But his Arenas was no plaster saint, and in his aria upon arriving in prison, he captured the humanity, fear and depression of a man at his lowest point. And in a role that could be an invitation to overact, he kept his performance within realistic bounds. Forced to humiliate himself to get permission to leave Cuba by displaying a “gay” walk, he does so and subtly communicates the atrocity of a such a demand.

The revolutionary leader Victor, sung by the bass-baritone Calvin Griffin, is in a way more subtly drawn than Arenas. Neither overwritten nor overacted, he is made more malevolent by being more believable, a subtle portrait of a ruthless man who respects Arenas and his work but is willing to ruin lives and to kill “to protect revolution.”

As Ovidio, the tenor Dinyar Vania manages an effective and convincing transformation from elegant literary aristocrat to hollow-eyed prisoner broken by the authorities. Arenas’ friend Pepe, who betrays him to the police, sung by the tenor Javier Abreu, comes off from the start as frivolous and weasely, laying the groundwork for his treason to his friend.

Stage director David Gately brought a convincing hand to his portrayal of the events. Choreographed scenes of Arenas and his friends’ sexual freedom contrasted starkly with the brutal, realistic violence of the interrogation room.

Particularly creative were the sets from the original production by Fort Worth Opera. Actual props and furniture were minimal–a few tables, a park bench, a bed. But behind these simple objects were projected images that not only provided an effective backdrop but that contributed considerably to the power of the work.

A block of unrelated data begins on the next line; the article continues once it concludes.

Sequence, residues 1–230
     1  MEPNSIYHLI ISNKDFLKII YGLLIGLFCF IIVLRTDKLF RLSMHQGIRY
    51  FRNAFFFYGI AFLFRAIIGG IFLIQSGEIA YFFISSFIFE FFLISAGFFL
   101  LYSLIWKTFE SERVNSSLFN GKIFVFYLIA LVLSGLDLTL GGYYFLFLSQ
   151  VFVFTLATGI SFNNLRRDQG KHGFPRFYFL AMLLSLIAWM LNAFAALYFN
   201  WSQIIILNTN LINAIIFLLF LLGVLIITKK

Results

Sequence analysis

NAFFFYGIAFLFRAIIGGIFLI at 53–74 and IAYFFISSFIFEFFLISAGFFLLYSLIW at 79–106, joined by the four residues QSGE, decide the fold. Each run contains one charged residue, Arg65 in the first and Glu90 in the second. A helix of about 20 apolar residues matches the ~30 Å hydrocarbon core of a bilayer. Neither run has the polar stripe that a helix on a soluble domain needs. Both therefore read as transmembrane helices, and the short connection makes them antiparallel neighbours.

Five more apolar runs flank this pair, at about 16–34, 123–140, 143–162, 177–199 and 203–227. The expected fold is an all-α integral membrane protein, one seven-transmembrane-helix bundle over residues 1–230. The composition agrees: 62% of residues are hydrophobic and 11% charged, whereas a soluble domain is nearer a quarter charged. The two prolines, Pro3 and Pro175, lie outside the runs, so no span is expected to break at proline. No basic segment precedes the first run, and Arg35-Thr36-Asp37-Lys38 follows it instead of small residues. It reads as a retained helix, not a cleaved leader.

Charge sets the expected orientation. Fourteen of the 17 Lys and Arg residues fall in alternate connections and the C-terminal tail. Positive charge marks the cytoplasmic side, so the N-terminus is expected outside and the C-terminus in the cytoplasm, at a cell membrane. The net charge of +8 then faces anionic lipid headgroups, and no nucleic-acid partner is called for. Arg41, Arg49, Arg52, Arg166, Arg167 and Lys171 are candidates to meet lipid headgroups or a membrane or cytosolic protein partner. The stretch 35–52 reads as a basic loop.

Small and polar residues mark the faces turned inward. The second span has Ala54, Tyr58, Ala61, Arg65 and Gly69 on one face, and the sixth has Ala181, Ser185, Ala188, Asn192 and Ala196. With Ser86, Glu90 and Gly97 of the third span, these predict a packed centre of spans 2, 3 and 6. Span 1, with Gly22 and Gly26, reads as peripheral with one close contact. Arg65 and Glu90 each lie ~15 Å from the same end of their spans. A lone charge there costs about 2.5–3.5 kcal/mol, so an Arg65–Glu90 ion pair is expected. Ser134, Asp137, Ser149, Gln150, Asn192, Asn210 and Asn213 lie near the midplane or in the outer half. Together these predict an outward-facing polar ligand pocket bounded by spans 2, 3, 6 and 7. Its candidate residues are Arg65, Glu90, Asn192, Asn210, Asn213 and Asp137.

There were fast-moving aerial films of the Cuban countryside, as Arenas and his friends lamented the fate of their homeland. There was the televised image of Arenas’ literary mentor Ovidio, with his dead eyes and monotone voice, confessing his sins against the revolution. The famous Che Guevara image, which was never a real symbol of defiance but more a commentary on the ignorance and insensitivity of the person displaying it on a T-shirt, looked particularly malevolent looming in a giant projection over an interrogation room.

The financial risk to Florida Grand Opera of mounting a contemporary work was apparent in the blocks of empty seats opening night—seats that likely would have been occupied had the company instead scheduled its umpteenth production of Carmen or La Bohème.

It’s hard to imagine what more FGO could have done to sell tickets. Few operas could have more contemporary relevance to South Florida. And in the weeks before opening night, there were substantial preview articles in South Florida Classical Review, the Miami Herald, South Florida Sun-Sentinel, South Florida Gay News, Gay City News and El Nuevo Herald. NBC 6 did an interview with Elizabeth Caballero.

Even with as opera as deeply flawed as this, FGO deserves credit for taking a risk. As with previous productions of contemporary works, FGO general director Susan Danis is attempting to broaden the company’s audience and give less familiar works the chance to be performed.

Before Night Falls runs through Saturday at the Arsht Center in Miami. fgo.org; 800-741-1010.